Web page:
Fear is the brain’s ability to recognize danger, like the kind inherent in launching one’s self 10 feet into the air.
Setting that emotion aside is necessary for a pole vaulter to be successful. For Shelbyville High School pole vaulting coach Steve Nuthak, finding a competitor with the right mental acuity is just as important as finding one with the right kind of athletic ability.
Erin Diemer’s stubbornness and fear were all wrapped up inside her head Thursday when Nuthak insisted she make her final attempt on a longer and heavier pole. The Shelbyville Middle School eighth-grader reached her limit earlier in the week on her current pole when she cleared 10 feet in Greensburg to break her own event record.
To go higher, Diemer must get comfortable on a pole designed for bigger, stronger athletes. Nuthak, who has guided several Shelbyville athletes to the State Finals, believes she is ready to make the jump.
“Each goal that she has surpassed means we’ve tried to raise that bar and find another one,” said Nuthak.
Diemer cleared 9-6 on a comfortable afternoon Thursday at McKeand Stadium. She missed at 10 feet which left her with one attempt left. Nuthak insisted Diemer switch poles to one six inches longer and five pounds heavier. She reluctantly agreed.
Diemer kicked the bar near the top of her vault and landed on the black and gold mat with a thud… clearly frustrated at the effort.
“I haven’t had a lot of practice with it so I was really nervous,” said Diemer. “It scared me a little bit.”
Diemer will overcome that fear too, just as she has since she was first plucked from hurdling practice by Nuthak, who didn’t realize she was the younger sister of current Shelbyville high school athlete Mikayla Diemer.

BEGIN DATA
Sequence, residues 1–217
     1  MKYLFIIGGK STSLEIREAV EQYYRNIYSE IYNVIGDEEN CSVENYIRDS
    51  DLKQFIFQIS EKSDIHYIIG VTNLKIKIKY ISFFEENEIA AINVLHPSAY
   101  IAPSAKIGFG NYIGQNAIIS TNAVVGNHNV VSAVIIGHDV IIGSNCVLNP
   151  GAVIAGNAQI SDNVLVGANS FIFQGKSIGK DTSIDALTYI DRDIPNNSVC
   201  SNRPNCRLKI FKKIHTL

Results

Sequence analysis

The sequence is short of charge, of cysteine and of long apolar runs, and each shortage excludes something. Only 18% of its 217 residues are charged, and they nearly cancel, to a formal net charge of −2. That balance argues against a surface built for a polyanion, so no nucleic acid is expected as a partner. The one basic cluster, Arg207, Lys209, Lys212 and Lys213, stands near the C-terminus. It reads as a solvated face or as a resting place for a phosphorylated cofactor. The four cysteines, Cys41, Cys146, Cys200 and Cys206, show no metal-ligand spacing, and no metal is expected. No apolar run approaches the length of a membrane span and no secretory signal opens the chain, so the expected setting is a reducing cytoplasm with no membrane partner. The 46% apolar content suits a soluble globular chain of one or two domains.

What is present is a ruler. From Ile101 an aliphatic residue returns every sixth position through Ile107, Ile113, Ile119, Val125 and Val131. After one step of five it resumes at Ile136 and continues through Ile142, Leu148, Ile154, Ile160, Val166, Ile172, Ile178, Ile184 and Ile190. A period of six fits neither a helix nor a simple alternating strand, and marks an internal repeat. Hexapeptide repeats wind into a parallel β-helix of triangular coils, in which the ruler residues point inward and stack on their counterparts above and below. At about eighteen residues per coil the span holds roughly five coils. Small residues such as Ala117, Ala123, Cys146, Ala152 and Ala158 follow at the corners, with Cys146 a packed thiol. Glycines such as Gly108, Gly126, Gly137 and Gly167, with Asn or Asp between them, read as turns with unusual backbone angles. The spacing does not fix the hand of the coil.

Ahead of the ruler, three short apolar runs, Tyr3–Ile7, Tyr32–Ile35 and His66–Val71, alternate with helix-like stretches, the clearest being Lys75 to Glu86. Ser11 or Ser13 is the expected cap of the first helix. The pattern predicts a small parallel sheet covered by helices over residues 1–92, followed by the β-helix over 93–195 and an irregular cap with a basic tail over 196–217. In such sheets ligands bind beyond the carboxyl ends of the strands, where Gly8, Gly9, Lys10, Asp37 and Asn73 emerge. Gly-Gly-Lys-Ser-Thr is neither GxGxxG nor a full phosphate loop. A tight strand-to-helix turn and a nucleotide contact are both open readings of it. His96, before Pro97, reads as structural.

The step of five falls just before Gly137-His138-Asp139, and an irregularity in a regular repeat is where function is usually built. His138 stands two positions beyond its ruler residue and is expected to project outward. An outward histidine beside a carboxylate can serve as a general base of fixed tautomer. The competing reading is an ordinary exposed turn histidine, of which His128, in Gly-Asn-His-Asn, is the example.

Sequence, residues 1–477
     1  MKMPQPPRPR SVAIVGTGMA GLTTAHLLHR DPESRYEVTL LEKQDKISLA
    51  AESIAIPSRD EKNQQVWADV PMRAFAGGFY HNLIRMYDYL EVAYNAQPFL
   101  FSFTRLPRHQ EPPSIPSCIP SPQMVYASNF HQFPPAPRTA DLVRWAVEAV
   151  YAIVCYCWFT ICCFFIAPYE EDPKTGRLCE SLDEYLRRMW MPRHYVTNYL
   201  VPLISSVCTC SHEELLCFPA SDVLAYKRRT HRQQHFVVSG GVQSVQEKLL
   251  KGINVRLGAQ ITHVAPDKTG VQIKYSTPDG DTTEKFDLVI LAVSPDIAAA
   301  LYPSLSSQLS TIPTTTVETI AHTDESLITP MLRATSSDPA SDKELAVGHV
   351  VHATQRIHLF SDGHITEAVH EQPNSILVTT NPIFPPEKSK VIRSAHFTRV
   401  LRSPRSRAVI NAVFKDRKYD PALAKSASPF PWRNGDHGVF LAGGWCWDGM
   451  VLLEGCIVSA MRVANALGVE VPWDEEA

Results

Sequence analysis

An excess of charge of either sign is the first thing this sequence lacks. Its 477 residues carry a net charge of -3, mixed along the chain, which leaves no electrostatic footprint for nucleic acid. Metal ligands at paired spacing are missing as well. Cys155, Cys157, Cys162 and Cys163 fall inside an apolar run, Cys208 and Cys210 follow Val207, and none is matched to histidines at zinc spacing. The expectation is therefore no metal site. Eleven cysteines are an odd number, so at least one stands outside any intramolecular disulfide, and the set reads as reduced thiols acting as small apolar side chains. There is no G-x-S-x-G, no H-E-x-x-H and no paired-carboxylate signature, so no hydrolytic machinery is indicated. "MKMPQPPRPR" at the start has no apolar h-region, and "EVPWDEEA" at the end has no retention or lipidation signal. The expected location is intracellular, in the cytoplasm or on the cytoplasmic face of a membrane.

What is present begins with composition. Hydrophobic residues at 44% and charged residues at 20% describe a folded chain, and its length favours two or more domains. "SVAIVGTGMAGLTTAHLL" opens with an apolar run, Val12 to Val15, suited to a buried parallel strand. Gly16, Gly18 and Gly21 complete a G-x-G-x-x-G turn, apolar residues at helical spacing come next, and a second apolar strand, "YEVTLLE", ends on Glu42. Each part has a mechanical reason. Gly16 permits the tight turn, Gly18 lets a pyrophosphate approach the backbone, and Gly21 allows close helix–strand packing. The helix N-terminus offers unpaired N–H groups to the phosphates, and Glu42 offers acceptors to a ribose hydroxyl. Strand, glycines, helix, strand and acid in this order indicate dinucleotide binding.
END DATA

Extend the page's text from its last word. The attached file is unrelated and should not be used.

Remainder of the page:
The first few days of pole vaulting are the most treacherous as an athlete learns the proper technique and conquers their fear of being launched through the air.
“In the first few weeks, almost nobody is good at this,” said Nuthak. “(Erin) had the ability the first couple weeks through the hardships of your body wondering if it is capable of doing it. That’s pretty tough. You have to be pretty stubborn to keep coming back.”
Success helps too. Diemer’s clearance of 10 feet was good enough to win last year’s Shelbyville Sectional — for high school athletes. And 10-6 advanced out of the regional.
“Hopefully, I can beat the high school record,” said Diemer, who is chasing the mark of 10-3 set by Angela Metz. “(10-6) is really my goal.”
She missed at 10-6 at the same Greensburg meet where she set the middle school record. The final results had her a foot higher than any of the boys competing. And that’s cool.
“Very much so,” said Diemer with a big grin.
She will continue to train throughout the summer. And when the weather is less than desirable, she can move into Shelbyville High School’s auxiliary gymnasium and practice indoors.
Diemer has just scratched the surface of her potential, according to Nuthak, who keeps looking for a reason to retire from coaching.
“This really is exciting,” said Nuthak. “Every couple of years I think it’s a good time to ride off into the sunset and then I’ll have another group of kids that I fall in love with and push me another couple of years.”
At least four more years if Diemer has anything to say about it.